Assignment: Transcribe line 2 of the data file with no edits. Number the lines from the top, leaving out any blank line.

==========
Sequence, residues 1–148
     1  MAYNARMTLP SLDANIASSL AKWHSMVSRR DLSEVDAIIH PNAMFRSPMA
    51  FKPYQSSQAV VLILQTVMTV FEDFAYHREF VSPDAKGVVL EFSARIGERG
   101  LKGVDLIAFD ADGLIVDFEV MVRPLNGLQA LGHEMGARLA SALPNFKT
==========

     1  MAYNARMTLP SLDANIASSL AKWHSMVSRR DLSEVDAIIH PNAMFRSPMA